Fed Researchers: Labor Participation May Stay Low for Years

Tuesday, 14 May 2013 07:07 AM

 

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Federal Reserve economists said workers who have dropped out of the labor market may take a few years to begin searching for a job.

“In the current recovery, it will probably take a few years before cyclical components put significant upward pressure on the participation rate because payroll employment is still well below its pre-recession peak,” Leila Bengali, Mary Daly and Rob Valletta said in a report released Monday by the San Franciso Fed.

Economists have debated how much a slump in labor force participation stems from temporary effects such as weak economic growth or from more lasting forces like the increasing average age of the work force.

Participation is a key variable influencing the unemployment rate, which Fed officials are monitoring to gauge the level of accommodation.

The Federal Open Market Committee said May 1 it will keep buying $85 billion in bonds each month and may increase or reduce the pace depending on the outlook for inflation and the labor market.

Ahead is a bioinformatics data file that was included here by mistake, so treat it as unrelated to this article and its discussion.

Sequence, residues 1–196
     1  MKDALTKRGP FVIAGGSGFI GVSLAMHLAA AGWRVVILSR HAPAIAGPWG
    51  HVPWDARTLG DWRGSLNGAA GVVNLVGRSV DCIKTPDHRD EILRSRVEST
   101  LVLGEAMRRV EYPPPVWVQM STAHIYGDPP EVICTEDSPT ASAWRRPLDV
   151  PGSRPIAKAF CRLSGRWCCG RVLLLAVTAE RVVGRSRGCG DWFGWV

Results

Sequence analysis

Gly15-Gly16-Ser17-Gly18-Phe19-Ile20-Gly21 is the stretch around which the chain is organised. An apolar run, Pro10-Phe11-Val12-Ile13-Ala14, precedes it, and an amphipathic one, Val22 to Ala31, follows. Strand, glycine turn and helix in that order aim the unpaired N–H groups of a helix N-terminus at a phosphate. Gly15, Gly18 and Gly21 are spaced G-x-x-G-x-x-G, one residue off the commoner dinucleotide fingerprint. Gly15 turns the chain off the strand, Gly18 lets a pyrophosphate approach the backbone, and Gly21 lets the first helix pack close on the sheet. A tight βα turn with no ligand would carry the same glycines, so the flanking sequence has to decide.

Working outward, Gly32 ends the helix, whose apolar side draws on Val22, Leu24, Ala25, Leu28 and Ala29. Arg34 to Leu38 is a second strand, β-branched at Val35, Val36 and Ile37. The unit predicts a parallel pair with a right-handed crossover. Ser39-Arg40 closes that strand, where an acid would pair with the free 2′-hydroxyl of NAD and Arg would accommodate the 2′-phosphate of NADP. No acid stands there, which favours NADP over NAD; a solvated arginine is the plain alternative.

The Fed has expanded its balance sheet to $3.32 trillion with bond purchases aimed at spurring economic growth and reducing 7.5 percent unemployment.

Labor force participation held at 63.3 percent in April for a second month, matching the lowest level since May 1979.

“We find evidence, reinforcing other research, that the recent decline in participation likely has a substantial cyclical component,” said the researchers. “States that saw larger declines in employment generally saw larger declines in participation.”

Weak Relationship

Bengali, Daly and Valletta found that the relationship between employment and participation has so far been weak in the economic recovery that started in 2009, noting that payrolls have yet to approach their pre-recession peak.

“In the recoveries from the 1981-82 and 1990-91 recessions, the positive relationship did not emerge until the economy had passed the previous employment peak by a substantial margin,” they said.

“We may not be deep enough into the current recovery for the typical positive relationship between participation and employment growth to emerge.”

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